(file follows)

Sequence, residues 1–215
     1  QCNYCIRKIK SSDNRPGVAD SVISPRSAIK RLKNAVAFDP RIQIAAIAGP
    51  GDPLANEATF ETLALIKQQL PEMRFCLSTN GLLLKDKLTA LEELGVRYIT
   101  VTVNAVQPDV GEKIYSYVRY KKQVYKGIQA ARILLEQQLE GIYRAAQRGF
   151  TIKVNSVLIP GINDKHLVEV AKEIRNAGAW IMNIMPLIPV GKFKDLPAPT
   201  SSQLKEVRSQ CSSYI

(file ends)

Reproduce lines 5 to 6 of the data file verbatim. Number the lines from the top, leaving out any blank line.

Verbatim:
   151  TIKVNSVLIP GINDKHLVEV AKEIRNAGAW IMNIMPLIPV GKFKDLPAPT
   201  SSQLKEVRSQ CSSYI